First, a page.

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author
Maues Zimmermann, Ingrid LU
supervisor
organization
course
JAEM03 20151
year
type
H2 - Master's Degree (Two Years)
subject
keywords
COMMON EUROPEAN SALES LAW - CROSS-BORDER TRADE - EUROPEAN SINGLE MARKET
language
English
id
5463246
date added to LUP
2015-06-17 11:35:47
date last changed
2015-06-17 11:35:47
@misc{5463246,
  abstract     = {The European Single Market is built on a patchwork of contract laws and according to the European Commission’s findings differences between contract laws of the respective Member States substantially complicate cross-border trade. More specifically, the fragmentation of contract laws contributes to increasing legal complexity and costs for businesses while lowering consumers’ confidence in shopping across border as they feel unsure about their rights and level of protection. In addition, when businesses refuse sales to consumers in others Member States (e.g. because of costs related to compliance with consumer mandatory provisions of each national law), consumers are deterred from accessing better offers often found in another EU country which leads to missing out on opportunities of the Single Market. As the current EU contract law framework has shown to be an insufficient solution for the approximation of national laws, a number of Member States and stakeholders have acknowledged that an EU contract law instrument was needed to remedy those legal impediments faced by sellers and buyers. So, the European Commission issued a proposal for a Regulation that would establish an optional “Common European Sales Law” (CESL). The present study scrutinized the extent to which this future legislation would really succeed in reducing legal complexity and transaction costs for businesses in both B2B and B2C cross-border transactions within the EU as well as whether it would increase confidence and provide better opportunities for consumers in shopping abroad. Although the European Commission’s efforts for tackling those problems deserve merits, the analysis carried out herein has demonstrated that the optional CESL, as it currently stands, is presenting serious drawbacks which undermine its goals. In particular will be approached its limited personal and substantive scopes, its unclear interplay with Article 6 of Rome I Regulation as well as its complex opt-in process in B2C contracts. Thus, this proposed regime still needs some improvements in order to be considered a real useful option for businesses and consumers in their across border commercial relations within the Single Market.},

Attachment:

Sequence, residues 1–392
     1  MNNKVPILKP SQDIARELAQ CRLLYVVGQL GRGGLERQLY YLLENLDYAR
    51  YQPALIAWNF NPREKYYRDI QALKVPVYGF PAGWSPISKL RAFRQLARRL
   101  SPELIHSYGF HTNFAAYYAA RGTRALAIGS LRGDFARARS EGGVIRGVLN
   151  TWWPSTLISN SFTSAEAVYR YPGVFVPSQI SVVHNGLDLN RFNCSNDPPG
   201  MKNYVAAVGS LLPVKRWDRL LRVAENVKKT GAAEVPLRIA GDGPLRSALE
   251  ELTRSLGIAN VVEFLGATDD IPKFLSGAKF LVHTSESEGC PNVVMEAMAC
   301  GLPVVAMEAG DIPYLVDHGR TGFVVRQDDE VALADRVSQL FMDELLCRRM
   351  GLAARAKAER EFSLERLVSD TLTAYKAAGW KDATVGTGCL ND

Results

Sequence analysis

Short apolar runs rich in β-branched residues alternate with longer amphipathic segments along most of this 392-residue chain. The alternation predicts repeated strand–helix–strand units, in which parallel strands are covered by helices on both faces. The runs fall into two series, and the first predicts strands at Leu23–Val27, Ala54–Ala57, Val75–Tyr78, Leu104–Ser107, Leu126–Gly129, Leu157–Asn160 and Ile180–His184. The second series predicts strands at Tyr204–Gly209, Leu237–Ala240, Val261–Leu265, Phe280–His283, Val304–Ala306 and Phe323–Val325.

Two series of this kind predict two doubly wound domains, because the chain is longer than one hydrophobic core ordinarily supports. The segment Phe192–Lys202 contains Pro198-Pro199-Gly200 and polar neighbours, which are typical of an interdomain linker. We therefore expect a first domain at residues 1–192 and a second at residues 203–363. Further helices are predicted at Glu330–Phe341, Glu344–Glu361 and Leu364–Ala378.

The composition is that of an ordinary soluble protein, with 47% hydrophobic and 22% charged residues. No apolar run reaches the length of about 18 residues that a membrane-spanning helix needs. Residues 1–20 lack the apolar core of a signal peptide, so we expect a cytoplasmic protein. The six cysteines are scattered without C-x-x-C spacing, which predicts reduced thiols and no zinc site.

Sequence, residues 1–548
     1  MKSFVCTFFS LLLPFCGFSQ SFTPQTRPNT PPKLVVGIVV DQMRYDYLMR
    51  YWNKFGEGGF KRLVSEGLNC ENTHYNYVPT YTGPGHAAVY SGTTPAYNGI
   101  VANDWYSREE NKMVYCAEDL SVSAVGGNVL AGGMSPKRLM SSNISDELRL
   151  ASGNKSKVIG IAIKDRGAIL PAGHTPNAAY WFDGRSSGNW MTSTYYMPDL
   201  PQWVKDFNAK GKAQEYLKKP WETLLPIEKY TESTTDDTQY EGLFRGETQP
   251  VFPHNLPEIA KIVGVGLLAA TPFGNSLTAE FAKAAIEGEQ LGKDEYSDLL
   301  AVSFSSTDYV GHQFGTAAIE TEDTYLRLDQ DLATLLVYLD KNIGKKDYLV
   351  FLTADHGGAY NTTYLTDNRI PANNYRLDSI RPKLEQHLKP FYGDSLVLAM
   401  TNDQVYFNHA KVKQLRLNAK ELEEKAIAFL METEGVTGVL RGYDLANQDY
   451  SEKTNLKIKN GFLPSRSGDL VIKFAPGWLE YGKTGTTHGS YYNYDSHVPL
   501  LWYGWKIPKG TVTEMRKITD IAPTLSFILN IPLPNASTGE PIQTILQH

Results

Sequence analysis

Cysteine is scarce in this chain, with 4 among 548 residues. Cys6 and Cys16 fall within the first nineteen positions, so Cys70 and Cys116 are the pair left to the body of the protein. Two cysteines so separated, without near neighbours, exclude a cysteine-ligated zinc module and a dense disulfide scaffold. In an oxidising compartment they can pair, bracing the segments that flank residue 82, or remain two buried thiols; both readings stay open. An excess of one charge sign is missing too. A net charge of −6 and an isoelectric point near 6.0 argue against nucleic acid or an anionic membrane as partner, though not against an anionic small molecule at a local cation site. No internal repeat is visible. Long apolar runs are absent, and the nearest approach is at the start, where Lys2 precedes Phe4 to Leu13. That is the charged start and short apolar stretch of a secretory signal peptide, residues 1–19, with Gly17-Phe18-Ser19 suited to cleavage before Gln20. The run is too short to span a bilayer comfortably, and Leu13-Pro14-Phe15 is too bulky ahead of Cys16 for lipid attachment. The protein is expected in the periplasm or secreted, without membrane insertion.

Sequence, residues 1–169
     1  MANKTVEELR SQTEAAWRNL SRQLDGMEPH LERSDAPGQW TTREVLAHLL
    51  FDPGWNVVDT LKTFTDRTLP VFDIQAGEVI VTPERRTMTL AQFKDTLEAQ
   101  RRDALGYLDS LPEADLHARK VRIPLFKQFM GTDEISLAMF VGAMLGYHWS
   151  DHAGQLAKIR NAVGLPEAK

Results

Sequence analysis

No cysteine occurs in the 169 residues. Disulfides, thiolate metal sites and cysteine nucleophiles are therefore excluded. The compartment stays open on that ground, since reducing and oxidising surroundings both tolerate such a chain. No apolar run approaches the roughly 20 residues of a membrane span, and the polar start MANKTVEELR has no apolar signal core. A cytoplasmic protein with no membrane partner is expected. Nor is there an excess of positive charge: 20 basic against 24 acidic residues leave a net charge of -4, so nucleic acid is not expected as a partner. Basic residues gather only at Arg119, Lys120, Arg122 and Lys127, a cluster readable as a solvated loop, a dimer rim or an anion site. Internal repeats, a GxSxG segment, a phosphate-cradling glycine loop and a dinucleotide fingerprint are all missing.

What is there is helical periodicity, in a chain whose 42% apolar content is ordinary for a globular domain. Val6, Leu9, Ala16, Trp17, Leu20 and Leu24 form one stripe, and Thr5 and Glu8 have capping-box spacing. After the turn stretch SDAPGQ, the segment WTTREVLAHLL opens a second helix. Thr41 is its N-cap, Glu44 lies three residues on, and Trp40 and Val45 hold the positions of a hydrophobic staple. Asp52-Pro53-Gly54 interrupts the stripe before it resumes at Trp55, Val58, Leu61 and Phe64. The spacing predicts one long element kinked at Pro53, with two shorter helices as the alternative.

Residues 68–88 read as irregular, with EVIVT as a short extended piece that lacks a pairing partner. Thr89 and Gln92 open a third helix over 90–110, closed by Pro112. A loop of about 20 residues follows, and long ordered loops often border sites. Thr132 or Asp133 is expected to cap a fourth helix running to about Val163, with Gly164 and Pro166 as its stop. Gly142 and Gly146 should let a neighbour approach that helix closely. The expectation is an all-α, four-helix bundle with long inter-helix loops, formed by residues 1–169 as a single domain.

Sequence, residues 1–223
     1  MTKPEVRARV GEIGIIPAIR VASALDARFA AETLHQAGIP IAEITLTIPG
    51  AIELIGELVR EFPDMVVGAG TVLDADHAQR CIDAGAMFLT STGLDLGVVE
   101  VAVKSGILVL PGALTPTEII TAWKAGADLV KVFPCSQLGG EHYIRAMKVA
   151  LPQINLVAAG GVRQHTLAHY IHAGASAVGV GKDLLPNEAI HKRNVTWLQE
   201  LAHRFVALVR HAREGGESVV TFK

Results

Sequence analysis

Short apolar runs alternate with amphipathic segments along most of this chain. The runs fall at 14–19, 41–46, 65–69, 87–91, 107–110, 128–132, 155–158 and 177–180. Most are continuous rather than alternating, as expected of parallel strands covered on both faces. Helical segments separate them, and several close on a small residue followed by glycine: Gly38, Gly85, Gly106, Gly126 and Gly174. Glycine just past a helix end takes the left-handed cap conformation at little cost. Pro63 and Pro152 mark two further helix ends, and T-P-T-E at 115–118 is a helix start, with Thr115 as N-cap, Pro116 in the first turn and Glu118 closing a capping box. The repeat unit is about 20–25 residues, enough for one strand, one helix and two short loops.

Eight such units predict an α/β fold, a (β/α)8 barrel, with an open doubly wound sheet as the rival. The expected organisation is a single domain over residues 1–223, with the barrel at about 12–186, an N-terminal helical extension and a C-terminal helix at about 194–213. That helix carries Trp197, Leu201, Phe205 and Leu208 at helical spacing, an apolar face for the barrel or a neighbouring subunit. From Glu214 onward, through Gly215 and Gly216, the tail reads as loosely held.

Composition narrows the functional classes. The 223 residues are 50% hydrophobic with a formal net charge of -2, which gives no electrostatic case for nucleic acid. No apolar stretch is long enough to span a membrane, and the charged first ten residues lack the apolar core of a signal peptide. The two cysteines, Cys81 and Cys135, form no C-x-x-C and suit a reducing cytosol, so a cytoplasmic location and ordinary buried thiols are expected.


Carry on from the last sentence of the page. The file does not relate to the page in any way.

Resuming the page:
author       = {Maues Zimmermann, Ingrid},
  keyword      = {COMMON EUROPEAN SALES LAW - CROSS-BORDER TRADE - EUROPEAN SINGLE MARKET},
  language     = {eng},
  note         = {Student Paper},
  title        = {Is the CESL a really proper solution for reducing difficulties in cross-border trade within the European Single Market caused by differences between national contract laws?},
  year         = {2015},
}